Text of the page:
The October Issue
Our Portrait Issue returns this month, featuring a pick of the shortlisted images from our fourth annual photography exhibition, Portrait of Britain. As the country lurches towards the extended Brexit deadline of 31 October, during this final countdown, Portrait of Britain makes a timely return, offering an alternative view of nationhood, defined not by the discord of fiery political rhetoric, but the everyday circumstances of its citizens in all its diversity.
Our cover photograph is of Franko-B, a London-based, Italian performance artist whose work is confrontational, provocative and challenging. The portrait was taken by James Tye, who is just one of the shortlisted entries to our annual, nationwide exhibition Portrait of Britain, which celebrates its fourth edition this year.
For nearly 40 years, Roger Ballen has been an outsider, operating on the margins with his fellow art brut artists. Now a book and exhibition, featuring a life-size “alter ego” of Ballen called Roger 2, the project offers a glimpse inside the workings and processes of his dark mind – a world, he says, that, “reveals itself through itself”.
We also feature Michael Jang, who spent four decades building a vast archive of photography documenting the streets of LA, from underground artistic communities to adorned celebs. But it wasn’t until 2001 that SFMoMA discovered his hidden talent, now compiling a selection of in a new book and his first major retrospective.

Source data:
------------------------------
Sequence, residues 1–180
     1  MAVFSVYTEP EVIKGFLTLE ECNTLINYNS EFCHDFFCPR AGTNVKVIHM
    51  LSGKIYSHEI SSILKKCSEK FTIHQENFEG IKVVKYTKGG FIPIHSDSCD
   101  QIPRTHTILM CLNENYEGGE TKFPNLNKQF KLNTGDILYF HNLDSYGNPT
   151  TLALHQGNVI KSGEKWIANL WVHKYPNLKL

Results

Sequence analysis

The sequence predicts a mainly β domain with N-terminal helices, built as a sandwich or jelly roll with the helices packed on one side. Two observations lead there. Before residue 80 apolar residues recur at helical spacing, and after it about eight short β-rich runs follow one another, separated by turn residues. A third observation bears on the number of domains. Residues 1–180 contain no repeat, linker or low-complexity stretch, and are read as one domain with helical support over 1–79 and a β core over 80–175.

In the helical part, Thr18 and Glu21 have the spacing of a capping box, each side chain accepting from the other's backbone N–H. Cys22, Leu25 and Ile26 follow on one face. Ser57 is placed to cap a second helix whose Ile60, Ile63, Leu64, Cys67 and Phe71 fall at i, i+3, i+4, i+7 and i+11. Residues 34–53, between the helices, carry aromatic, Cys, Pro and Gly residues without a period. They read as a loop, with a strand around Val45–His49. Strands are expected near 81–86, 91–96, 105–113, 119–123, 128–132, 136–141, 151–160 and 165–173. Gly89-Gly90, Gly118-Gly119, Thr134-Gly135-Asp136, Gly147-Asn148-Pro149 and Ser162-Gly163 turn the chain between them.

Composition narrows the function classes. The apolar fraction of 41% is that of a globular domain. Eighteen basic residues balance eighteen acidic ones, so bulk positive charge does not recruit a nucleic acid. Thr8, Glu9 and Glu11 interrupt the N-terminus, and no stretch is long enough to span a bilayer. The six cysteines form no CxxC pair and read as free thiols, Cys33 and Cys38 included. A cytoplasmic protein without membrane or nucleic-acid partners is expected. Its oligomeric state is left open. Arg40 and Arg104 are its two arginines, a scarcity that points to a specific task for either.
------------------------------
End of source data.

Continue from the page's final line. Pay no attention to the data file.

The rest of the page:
In Projects, we feature three more photography graduates from British colleges – our pick of Class of 2019.
Elsewhere, Laura Pannack’s social documentary work takes her to The Cracker, a stretch of land between two estates in Tipton, in the Black Country, where she meets the community of young adolescents who call it home. She talks us through the project, revealing that through getting to know her subjects, she was reminded of the challenges of childhood that she too experienced growing up.
Exploring Trevor Paglen’s new exhibition on show at The Barbican’s Curve gallery, Tim Clark investigates the changing landscape of “politics, prejudices and epistemological assumptions” driven by the rise of artificial intelligence. Elsewhere in our Agenda selection, Moroccan-born, London-based Hassan Hajjaj gives the Maison Europeene de la Photographie a colourful makeover. Plus we bring you our pick of the best exhibitions launching this October, and Damien Demolder shares his verdict of the new Canon RF 85mm f/1.2L lens.